I’m not sure many girls played the Duke Nukem computer games when they first were released, but I spent hours tapping away at the keyboard exploring Nukem’s two-dimensional world and trying to take down Dr. Proton. I played a number of the various MS-DOS based incarnations of the game — from 1991’s Duke Nukem: Episode 1: Shrapnel City to 1993’s Duke Nukem II — before I lost interest (in Nukem, not in video games). Had I known that the late nineties brought Duke Nukem 64 and Duke Nukem: Zero Hour for the N64 gaming console (my video game system of choice at the time), I would’ve purchased them immediately and played them for hours at a time, but unfortunately I was unaware until recently that the Duke had survived what I perceived at the time as a major shift in gaming from computers to consoles.
Knowing all of this you can probably imagine both my surprise and my delight when I discovered recently not only that I could obtain the previously mentioned N64 games for cheap (I still have my N64 system set up, although I generally use my Xbox 360 now, because the fact remains that nothing will ever top the 007: Goldeneye and Mario Kart games available on that console), but that Duke Nukem will be entering the video game world once more when 2K Games and Gearbox Software release the aptly titled Duke Nukem Forever (12 years in the making) for the Xbox 360, Playstation 3, and Windows PCs on May 3rd of this year.
Even more exciting, however, is the fact that my lovely Fandomania colleague Summer and I will have a chance to play Duke Nukem Forever at this year’s Penny Arcade Expo (PAX) in March at the 2K Booth (FYI, according to the press release you must be 17 years or older to participate). You can bet that I’ll be one of the first people lined up at the 2K Booth to play (most likely with Summer right behind me), and once I do I’ll have the full scoop on whether the game is worth pre-ordering (Amazon, GameStop, Walmart, and other retailers are accepting pre-orders already) or if you should wait and get it on the cheap at a later date.
Both the president of 2K Games, Christoph Hartmann, and the president of Gearbox Software, Randy Pitchford, have weighed in on the game’s forthcoming release, acknowledging the ridiculous development time that elapsed as well as the impact that Duke Nukem Forever’s release will have on long-time gamers like myself. “All great things take time… a lot of time,” Christoph Hartmann commented recently. “After a hiatus from the video game world, Duke Nukem is back and better than ever. The return of the King from the glory days of shooters will satisfy our patient, die-hard fans, as well as a new generation of bubble gum-chewing, flat top and shades-wearing bad-asses. Make no mistake about it — Duke Nukem Forever is a testament to the era of when shooters were bodacious and fun.”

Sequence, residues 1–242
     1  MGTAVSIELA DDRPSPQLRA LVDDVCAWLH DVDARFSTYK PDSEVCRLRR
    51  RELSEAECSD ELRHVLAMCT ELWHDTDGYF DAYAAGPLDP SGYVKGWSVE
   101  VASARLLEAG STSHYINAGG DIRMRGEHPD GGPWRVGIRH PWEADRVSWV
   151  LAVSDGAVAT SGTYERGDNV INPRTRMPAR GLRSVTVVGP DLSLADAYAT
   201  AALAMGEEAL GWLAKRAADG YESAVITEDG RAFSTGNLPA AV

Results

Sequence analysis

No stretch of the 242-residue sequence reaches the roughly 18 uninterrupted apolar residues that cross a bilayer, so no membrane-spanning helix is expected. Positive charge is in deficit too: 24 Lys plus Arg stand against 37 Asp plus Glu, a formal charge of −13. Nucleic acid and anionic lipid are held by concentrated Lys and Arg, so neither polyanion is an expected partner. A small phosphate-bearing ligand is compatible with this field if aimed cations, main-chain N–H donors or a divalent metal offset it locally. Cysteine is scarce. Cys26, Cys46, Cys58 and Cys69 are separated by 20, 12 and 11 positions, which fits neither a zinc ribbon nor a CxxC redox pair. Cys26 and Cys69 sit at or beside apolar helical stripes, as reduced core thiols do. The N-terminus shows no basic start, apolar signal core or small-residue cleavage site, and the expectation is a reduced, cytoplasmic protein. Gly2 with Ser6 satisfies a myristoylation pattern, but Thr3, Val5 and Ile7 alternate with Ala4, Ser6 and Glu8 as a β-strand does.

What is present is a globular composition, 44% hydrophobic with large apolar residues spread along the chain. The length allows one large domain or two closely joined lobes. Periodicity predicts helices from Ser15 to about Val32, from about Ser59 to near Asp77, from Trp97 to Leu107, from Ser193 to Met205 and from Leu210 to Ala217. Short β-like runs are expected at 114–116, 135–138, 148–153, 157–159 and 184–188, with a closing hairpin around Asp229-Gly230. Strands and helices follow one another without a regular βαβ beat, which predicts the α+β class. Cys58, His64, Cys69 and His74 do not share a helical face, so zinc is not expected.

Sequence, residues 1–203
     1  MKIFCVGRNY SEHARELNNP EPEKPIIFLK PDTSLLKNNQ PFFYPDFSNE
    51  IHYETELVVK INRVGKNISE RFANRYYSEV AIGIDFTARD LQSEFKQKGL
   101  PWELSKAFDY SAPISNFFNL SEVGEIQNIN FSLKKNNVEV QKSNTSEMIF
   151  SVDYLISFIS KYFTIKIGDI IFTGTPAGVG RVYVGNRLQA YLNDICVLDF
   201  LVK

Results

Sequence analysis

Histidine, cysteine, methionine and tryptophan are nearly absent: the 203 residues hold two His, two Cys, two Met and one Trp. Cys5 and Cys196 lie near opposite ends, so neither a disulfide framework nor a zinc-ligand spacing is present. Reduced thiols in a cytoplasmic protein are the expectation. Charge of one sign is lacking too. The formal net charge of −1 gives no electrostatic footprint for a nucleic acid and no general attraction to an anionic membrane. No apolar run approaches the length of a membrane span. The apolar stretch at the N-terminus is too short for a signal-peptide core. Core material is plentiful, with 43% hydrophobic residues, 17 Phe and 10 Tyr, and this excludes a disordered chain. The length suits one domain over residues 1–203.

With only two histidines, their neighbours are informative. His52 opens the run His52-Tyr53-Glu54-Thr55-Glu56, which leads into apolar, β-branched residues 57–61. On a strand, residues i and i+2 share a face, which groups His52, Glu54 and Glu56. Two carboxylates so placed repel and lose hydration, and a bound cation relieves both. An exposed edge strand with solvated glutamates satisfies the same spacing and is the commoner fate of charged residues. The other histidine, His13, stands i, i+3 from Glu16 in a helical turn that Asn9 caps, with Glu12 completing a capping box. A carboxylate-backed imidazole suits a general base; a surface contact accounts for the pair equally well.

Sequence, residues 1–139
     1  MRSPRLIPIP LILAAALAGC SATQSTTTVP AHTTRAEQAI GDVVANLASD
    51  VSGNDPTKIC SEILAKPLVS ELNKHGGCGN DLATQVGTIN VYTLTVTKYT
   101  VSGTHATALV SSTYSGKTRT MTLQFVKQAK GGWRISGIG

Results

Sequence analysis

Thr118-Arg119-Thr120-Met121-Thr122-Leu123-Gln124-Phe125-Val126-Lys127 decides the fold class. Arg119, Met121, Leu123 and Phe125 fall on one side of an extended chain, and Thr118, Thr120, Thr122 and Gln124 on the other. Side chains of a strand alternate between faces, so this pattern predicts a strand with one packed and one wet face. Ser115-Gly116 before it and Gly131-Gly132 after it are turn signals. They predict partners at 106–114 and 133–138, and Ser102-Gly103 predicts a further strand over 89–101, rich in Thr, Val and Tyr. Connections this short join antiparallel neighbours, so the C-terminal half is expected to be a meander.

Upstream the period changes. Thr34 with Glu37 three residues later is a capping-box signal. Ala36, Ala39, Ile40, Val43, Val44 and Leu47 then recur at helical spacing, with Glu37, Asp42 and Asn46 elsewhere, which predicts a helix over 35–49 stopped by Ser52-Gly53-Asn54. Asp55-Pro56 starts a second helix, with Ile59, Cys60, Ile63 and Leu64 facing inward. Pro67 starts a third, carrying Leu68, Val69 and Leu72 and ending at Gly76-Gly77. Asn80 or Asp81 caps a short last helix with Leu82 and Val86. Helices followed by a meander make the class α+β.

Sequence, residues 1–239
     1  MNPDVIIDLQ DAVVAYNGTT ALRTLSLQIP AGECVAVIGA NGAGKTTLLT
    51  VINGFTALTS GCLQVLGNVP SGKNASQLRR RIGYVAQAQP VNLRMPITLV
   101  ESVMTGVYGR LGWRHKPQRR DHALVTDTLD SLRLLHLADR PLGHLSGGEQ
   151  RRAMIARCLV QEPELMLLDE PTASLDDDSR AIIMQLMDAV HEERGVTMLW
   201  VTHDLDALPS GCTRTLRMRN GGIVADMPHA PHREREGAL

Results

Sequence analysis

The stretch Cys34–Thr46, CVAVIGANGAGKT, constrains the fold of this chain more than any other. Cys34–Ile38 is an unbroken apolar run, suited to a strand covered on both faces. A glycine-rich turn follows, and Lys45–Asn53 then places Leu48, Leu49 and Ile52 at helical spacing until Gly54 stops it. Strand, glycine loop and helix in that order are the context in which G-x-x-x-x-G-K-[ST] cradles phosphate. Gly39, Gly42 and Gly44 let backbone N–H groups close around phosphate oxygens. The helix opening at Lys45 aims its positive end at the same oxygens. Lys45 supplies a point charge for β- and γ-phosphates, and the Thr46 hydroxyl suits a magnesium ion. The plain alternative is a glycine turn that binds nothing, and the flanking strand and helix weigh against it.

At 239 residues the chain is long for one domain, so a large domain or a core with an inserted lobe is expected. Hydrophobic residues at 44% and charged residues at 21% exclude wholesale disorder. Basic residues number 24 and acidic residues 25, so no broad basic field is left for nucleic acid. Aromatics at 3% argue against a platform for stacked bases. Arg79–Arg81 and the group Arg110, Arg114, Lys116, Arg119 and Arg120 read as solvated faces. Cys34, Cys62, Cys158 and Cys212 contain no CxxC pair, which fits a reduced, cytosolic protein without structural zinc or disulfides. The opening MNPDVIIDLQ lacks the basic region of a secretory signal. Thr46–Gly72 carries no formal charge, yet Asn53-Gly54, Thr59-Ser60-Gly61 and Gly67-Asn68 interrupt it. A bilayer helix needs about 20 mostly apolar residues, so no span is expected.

Gearbox president Randy Pitchford was ecstatic when asked to comment on Duke Nukem Forever: “Hail to the king, baby! It’s unbelievable, it kicks ass and it’s totally going to happen! Gearbox has enabled die-hard key Duke Nukem franchise builders and skilled veteran game makers to stand together and deliver. All gamers deserve a happy ending and after all of us gamers feeling the full range of emotions about Duke Nukem Forever, I am thrilled to be in a position with the trust, power and means to make it happen. Am I crazy? Balls of steel, baby, balls of steel!”
Publicity for the new Duke Nukem game is, as expected, extremely positive, and Duke Nukem Forever is touted as providing long-time fans (who have waited over a decade for this release) with the “babe-lovin’, cigar-smoking, beer-chugging and ass-kicking action” that they have come to know and love since the release of the original Duke Nukem computer game in 1991. As I mentioned, I haven’t played any of the console games of the Duke Nukem franchise (I’ll let you know what I think when it comes in the mail and I have a chance to play it), but I have heard from numerous other gamers of my generation that it left much to be desired.
It’s hard to say whether Duke Nukem Forever will be able to live up to the hype generated by over a decade of anticipation or to the nostalgic memories many of us have of the game, but I’m hopeful that this won’t be a repeat of my disappointing experience with the Xbox version of Wolfenstein 3D, another of my favorite computer games growing up (needless to say, it didn’t translate to the console very well).
Like its predecessors, Duke Nukem Forever pits our hero against pig cops, alien shrink rays, and daunting alien bosses in an effort to save the world, save the babes, and to be totally bad-ass while doing so. I was very excited to learn that the game will feature the series’s characteristic over-the-top weapons (after all, that was half the reason any of us played the game, right?) and I’m intrigued about the “unprecedented levels of interactivity” described in recent press releases. Apparently gamers will be able to shoot hoops, lift weights, read adult magazines, draw crude messages on whiteboards, and ogle the game’s numerous sexy ladies in addition to blasting giant aliens. What I want to know is whether we’ll see giant cans of soda propelled across the screen like a rocket with flames shooting from the bottom… ‘cause, you know, that’d be kick-ass.
So, what do you think about the resurrection of the Duke Nukem franchise? Let us know in the comments if you’re excited about Duke Nukem Forever or if you think the game will be a giant letdown.
For more information and a brief preview of the new game, head to www.dukenukem.com, and stay tuned for more updates from us here at Fandomania.